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Let The Games Begin

"If there were any justice in the world, Chevy would have been reading this story 10 years ago."

-- Weekend Update anchor Dennis Miller, announcing
the 1986 cancellation of "The Love Boat"

If there were any justice in the world, we wouldn't be holding our annual TV cancellation contest this year. Instead, executives at ABC, NBC, CBS and Fox would call a joint press conference to solemnly announce that yes indeed, the new TV shows they've lovingly prepared for the upcoming fall season are in fact crap. Every last remaining copy of the new shows would be rounded up and thrown into Warren Littlefield's wood chipper. And then the networks would agree to air old episodes of "Hogan's Heroes" and "F Troop" until they could generate enough non-wretched programs to fill their schedules. Then, peace would ring out through the land. Christian, Jew and Arab would embrace in brotherhood. And we'd all get to see the episode where Hogan pulls the wool over Klink's eyes and manages to blow up a train.

The good news is that the first four episodes of "Ink," the much ballyhooed but painfully unfunny Ted Danson-Mary Steenburgen opus, have been fired off into orbit where they can do no more damage to an unsuspecting populace. The bad news is that they've decided to re-shoot the episodes, giving Americans another chance to see liberal filth Danson exhibit zero on-screen chemistry with his off-screen paramour.

How bad is the new Fall Season? Bad with a capital B, which rhymes with P, which stands for "The Pretender" -- one of the three new series NBC is foisting on us Saturday night and just another reason to join a bowling league that evening.

How bad is the new Fall Season?

  • So bad that three new series ("Party Girl," "Dangerous Minds," and "Clueless") are based on movies that weren't exactly crying out for pale imitations;
  • So bad that ABC is asking us to invest a half-hour of our weekly schedule in a show called "Sabrina, the Teenage Witch;"
  • So bad that Robby Benson (!!!!!!!) has managed to find work again (in the aforementioned "Sabrina").

To quote our good friend Roget, that's bad, awful, stinky, wretched, putrid, evil, sinister, rotten, foul and utterly lacking in goodness.

Of the 29 or so new programs that hope to win a place in our collective hearts, only two of them ("Spin City" and "Everybody Loves Raymond") generate any sort of desire in me to watch. The rest? Well, all I can say is "Thank God for cable...."

(I'm not sure if this total takes into account the new shows on UPN or the WB! because frankly, I would rather face the prospect of permanent blindness than spend a minute of my life having to watch "Homeboys in Space.")

There's a problem when dopey premises, hack actors and just plain bad ideas are the rule rather than the exception. And that problem is that it becomes all the tougher to pick which show will be sent to the land of "EARTH Force" first. In making my own picks, I could literally choose from a dozen or so programs that smell like my garbage can the night after I've cooked chicken. It's... Oh, wait, that is my garbage. Hold on just a second.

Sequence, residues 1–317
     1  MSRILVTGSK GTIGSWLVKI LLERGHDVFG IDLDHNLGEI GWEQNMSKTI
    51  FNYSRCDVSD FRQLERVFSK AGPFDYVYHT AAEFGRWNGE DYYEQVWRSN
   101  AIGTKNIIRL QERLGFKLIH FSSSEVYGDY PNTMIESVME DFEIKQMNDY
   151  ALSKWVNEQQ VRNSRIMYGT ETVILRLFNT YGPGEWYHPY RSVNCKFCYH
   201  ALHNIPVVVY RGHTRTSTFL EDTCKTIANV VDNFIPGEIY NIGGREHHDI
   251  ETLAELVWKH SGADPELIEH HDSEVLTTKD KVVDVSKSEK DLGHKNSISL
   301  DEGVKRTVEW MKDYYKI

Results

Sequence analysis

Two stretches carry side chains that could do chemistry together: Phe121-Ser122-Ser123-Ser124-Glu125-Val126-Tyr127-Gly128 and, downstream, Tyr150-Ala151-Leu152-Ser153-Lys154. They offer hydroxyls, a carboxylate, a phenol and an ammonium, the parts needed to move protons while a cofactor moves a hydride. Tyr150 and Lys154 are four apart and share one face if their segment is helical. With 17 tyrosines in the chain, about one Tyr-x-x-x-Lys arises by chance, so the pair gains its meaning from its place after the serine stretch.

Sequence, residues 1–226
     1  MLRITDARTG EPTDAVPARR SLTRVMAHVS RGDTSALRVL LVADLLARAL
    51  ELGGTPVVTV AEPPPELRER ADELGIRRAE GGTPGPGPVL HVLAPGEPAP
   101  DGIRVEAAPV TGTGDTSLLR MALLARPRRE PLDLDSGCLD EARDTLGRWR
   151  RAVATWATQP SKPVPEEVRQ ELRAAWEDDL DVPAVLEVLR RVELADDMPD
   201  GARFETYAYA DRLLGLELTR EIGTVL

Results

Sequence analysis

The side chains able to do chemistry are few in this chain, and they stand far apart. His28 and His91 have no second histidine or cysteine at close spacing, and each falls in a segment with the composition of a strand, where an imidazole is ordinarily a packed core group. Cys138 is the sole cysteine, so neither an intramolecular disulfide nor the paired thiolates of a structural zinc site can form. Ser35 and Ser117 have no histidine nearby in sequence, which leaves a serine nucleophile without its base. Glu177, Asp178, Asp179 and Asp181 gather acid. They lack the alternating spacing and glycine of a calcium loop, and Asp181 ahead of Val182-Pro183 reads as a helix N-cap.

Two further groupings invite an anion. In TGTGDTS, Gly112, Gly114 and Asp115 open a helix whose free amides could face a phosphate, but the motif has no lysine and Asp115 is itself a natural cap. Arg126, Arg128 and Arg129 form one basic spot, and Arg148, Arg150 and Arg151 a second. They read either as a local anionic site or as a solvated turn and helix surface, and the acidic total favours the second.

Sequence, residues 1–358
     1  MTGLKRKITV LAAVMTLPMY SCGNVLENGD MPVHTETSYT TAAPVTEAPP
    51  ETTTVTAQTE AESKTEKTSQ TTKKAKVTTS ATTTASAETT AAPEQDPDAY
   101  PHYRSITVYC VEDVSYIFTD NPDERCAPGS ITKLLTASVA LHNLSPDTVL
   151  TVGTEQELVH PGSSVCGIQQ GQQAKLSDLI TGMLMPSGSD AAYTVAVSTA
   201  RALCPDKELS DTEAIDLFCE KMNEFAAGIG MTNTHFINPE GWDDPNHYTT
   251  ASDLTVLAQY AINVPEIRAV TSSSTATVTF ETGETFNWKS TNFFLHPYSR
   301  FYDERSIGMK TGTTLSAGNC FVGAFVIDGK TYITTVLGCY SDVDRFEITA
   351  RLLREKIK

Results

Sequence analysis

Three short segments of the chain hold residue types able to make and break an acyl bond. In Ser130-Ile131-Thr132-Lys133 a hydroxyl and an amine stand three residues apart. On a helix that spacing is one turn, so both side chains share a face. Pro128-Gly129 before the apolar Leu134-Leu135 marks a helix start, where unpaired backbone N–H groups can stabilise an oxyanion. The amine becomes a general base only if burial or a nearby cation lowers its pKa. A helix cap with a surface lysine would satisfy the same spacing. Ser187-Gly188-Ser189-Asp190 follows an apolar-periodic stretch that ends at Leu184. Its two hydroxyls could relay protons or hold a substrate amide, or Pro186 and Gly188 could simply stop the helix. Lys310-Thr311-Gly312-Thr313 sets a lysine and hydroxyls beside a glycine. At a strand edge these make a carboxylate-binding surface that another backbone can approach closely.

It's almost enough to make a man throw his hands up and not even bother to enter the TV cancellation derby. There are no standouts this year like "South of Sunset," "Bay City Blues," or the memorably putrid "Covington Cross."

PHIL'S PICKS (in descending order)

1. Moloney -- I've run the tests. I've consulted the ancients. I've sent this to the boys back at R&D. And the inescapable conclusion remains: Nothing starring Peter Strauss can last through the Columbus Day. And when you consider this potential train wreck is running on the CBS rail... Hell-lo Amtrak!

"Moloney" also is stuck in a time slot opposite of "Seinfeld" -- which three-quarters of the people who watch television tune into -- and "New York Undercover" -- which most of the rest watch. That leaves "Moloney" to inherit the "Murder, She Wrote" crowd, most of whom probably passed away during the summer. I guess I'll no longer be confused whether Peter Strauss is "Rich Man" or "Poor Man."

What clinched it for me, though, was the fact that I was unable to make it through the "Moloney" synopsis in "Entertainment Weekly" without nodding off. Near as I can figure, "Moloney" is about a police psychiatrist who... um... solves crimes?

Yours is not to reason why, Peter Strauss. Yours is but to do and die.

2. Profiler -- Let's get one thing straight. America hates Ally Walker. They hated her in "Moon Over Miami" which went over like a lead zepplin back in 1993. They will hate in this, which airs opposite of the inexplicably popular "Walker: Texas Ranger."

I believe Ms. Walker, no relation to the aforementioned Texas Ranger, plays a profiler who... um... solves crimes. "Profiler" bears only the slightest resemblance to "Millenium," which is about a profiler played by Lance Henrikson who... um... solves crimes. Only "Millenium" is done by the talented folks who gave us "X Files" whereas "Profiler" is done by people who cast Ally Walker in things.

3. Lush Life -- I have no scientific evidence that "Lush Life" is any more reprehensible than the slew of other bad sitcoms that are descending upon our TVs like locusts on ancient Egypt. But "Lush Life" features Lori Petty -- and the kindest adjective "Entertainment Weekly" could drum up for her was "brassy."

Let me put it more plainly: Lori Petty's voice makes my ears bleed. America will not watch a program that will make unsuspecting young people claw at their auditory canals.

Damn you, Fox.


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